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Method of working Usan -- Montrose South

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Method of working Usan -- Montrose South 13/06/2020 at 04:26 #127515
TUT
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Hello,

I'm wondering if anybody could clarify for me the method of working between Usan and Montrose South back when they still existed. I've heard this section was actually the first in Scotland to use tokenless block and you can see the large Scottish region tokenless block instrument on the block shelf in Usan SB in this picture from October 1983:

https://photos.signalling.org/picture?/27757/category/3935-1983_october

A 1993 sectional appendix also states that tokenless block applies between Usan and Montrose South.

However.

The tokenless block instrument is conspicuously absent from this picture of Usan taken a few short days before closure

https://www.flickr.com/photos/taysider64/16594774821/

And also from this one:

https://photos.signalling.org/picture?/10017/category/913-usan

Which appears old enough to suggest that tokenless block probably didn't go as one of the steps on the road to the resignalling of the area and abolition of Usan and Montrose South.

A little bit of digging around the photos.signalling.org website suggests that Usan's lever 1, which had been the shunting key release lever (https://photos.signalling.org/picture?/27757/category/3935-1983_october) was, as early as 1994, the Up Main direction lever (https://photos.signalling.org/picture?/21264/category/2276-1994_june). Direction levers, a block bell, a telephone and no sign of a block indicator suggests to me TCB with direction levers and description by bell, which presumably came in in 1993/4.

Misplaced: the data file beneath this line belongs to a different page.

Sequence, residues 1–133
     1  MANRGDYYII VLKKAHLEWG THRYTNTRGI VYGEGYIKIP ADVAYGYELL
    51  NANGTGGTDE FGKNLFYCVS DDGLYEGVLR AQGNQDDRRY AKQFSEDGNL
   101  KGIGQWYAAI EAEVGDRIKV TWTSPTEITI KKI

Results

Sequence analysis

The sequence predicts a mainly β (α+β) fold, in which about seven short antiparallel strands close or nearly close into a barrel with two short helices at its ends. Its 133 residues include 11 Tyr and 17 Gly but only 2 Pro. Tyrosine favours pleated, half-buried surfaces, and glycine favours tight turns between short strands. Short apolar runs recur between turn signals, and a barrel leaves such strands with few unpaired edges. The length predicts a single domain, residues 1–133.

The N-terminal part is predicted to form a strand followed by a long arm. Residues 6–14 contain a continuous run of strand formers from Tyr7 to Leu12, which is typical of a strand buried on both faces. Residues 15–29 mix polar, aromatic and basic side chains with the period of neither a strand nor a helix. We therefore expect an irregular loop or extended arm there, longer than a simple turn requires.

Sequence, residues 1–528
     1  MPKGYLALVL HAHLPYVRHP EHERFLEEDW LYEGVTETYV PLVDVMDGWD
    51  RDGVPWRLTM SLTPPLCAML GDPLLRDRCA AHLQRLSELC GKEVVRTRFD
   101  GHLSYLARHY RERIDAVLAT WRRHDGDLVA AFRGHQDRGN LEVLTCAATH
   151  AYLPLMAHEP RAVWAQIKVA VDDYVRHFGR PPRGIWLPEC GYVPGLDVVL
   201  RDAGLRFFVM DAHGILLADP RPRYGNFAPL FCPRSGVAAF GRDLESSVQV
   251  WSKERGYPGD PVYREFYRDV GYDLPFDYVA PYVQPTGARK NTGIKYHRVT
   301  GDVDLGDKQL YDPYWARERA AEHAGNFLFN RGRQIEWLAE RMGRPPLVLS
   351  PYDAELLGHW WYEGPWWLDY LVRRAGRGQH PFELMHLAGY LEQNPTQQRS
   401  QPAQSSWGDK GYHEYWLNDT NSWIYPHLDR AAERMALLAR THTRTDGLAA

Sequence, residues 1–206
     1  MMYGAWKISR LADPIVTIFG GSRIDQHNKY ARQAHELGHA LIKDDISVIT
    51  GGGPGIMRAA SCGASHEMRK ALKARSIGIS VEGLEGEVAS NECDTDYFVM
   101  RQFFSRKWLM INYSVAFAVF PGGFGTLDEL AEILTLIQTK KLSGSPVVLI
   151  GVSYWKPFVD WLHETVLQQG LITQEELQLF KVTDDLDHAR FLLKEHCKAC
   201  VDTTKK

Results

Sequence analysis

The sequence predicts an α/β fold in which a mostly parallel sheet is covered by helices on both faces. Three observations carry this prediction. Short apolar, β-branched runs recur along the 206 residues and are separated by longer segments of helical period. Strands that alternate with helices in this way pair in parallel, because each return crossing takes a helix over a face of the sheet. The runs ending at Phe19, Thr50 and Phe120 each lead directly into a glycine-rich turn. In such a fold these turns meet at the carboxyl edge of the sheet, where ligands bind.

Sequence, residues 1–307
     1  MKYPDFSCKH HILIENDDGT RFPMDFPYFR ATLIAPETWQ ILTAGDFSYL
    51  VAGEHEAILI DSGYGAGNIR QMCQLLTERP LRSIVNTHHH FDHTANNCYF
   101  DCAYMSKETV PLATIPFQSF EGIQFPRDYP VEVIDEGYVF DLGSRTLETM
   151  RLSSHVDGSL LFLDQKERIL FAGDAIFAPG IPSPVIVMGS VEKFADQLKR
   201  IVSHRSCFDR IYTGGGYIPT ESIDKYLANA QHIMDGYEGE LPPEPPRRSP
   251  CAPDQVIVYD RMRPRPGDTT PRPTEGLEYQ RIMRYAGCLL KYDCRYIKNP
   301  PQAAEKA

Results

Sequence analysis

Does anyone have any more details or hard facts?

Ta!

Last edited: 13/06/2020 at 04:31 by TUT
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Method of working Usan -- Montrose South 13/06/2020 at 07:07 #127516
Andrew G
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Tokenless Block was introduced in this section on 12th December 1965. Conventional Scottish Region Tokenless Block instruments remained in use until 17th August 1986 when they were replaced by Direction Levers. While the line was fully Track Circuited it continued to be worked under Scottish Region Tokenless Block Regulations (albeit without Shunting Keys) until both boxes were abolished in February 2010. A similar situation still applies today between Perth and Barnhill - in that the line is fully track circuited but worked under Scottish Region Tokenless Block Regulations - with a caveat as far as they can be applied.